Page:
Trinity has opted not to cancel Erasmus exchanges for the first semester of the upcoming academic year, and will make a decision in September about the viability of exchanges in the second semester.
All exchanges will be voluntary, meaning that students who are normally required to go on exchange as part of their degree will not be penalised if they do not go abroad.
College is discouraging students from going ahead with their exchanges if their host university is offering online teaching and learning only. A decision has not yet been made on non-Erasmus exchanges.
In an email sent to all Trinity students today, Prof Juliette Hussey, the vice-president for Global Relations, said: “As a result of this decision and with due vigilance to students’ health, safety, and well-being, there are some important changes we need to share with you.”
“All Erasmus exchanges will be voluntary for the forthcoming year”, Hussey said. “This means that Erasmus exchanges in which the Junior Sophister year abroad is part of an integrated programme will not be mandatory (including those on programmes involving Russian and/or Middle Eastern Languages) in Semester 1 and that all requirements of the programme will be available in Trinity.”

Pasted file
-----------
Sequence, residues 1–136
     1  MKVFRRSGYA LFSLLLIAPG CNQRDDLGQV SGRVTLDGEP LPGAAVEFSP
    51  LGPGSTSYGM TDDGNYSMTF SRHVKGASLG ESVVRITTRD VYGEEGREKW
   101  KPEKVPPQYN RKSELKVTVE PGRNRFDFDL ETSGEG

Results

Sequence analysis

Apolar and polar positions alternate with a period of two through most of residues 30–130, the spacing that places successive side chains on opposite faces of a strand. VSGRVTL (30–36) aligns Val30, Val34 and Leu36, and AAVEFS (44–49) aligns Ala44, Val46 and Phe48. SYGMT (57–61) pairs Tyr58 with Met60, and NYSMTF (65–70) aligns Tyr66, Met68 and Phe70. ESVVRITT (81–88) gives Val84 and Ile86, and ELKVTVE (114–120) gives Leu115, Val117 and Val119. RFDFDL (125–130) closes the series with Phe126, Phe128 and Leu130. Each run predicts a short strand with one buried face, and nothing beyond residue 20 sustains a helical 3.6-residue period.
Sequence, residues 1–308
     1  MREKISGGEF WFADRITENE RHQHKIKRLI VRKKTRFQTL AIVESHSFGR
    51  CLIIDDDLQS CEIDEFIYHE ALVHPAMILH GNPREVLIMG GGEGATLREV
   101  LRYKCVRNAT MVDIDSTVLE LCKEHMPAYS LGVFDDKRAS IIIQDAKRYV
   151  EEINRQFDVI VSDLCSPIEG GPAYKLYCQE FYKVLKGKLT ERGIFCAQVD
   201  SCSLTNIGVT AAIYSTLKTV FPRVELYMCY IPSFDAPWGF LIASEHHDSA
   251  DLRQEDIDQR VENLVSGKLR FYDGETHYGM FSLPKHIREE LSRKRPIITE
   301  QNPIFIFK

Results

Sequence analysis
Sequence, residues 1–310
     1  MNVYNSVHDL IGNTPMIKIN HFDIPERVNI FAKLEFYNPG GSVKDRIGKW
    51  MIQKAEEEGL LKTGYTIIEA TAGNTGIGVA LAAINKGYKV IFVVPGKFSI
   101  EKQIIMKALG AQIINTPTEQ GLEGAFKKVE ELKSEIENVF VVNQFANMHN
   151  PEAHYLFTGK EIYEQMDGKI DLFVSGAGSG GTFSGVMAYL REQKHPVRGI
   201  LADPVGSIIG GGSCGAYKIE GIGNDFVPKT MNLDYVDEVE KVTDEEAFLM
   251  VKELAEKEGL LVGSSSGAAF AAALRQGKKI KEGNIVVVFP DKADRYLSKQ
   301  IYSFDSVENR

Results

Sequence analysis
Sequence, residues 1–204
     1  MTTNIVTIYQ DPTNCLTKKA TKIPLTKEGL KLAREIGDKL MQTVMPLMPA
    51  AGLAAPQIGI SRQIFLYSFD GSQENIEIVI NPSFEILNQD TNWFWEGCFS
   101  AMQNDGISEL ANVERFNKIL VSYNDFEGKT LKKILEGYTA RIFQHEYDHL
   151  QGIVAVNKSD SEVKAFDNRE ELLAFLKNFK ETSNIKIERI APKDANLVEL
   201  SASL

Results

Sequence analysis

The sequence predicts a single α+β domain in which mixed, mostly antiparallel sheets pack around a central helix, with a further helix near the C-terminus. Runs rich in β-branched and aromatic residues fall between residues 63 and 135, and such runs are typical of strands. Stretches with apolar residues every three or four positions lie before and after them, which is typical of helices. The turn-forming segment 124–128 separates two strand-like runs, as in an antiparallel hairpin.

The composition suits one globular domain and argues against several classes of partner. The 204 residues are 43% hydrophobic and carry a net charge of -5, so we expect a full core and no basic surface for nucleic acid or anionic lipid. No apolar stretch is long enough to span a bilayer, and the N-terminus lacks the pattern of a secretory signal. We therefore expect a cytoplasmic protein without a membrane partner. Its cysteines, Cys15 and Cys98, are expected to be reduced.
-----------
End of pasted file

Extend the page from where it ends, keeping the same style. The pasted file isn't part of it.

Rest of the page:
“Students who wish to undertake an Erasmus exchange may do so as long as the host university is accepting inbound students, ideally providing in-person teaching, and it is safe to do so. We would however discourage students from proceeding on an exchange in a University that is planning wholly online learning.”
Students who wish to proceed with their Erasmus exchanges must contact the Erasmus office by June 25th.
College has also said that an announcement on non-Erasmus will be issued soon.
Hussey added that if students who go abroad encounter difficulties when they are away, they can return to Trinity and re-integrate with their programme there as long as they return before the end of the fourth week of semester one.
She wrote: “While there have been recent improvements, we must acknowledge that the Covid-19 situation is fluid and nobody can predict how things will unfold. There remains the possibility of a second wave and the return of lockdown measures.”
“Bearing this in mind, if the situation changes dramatically before September, the measures outlined here may be revised.”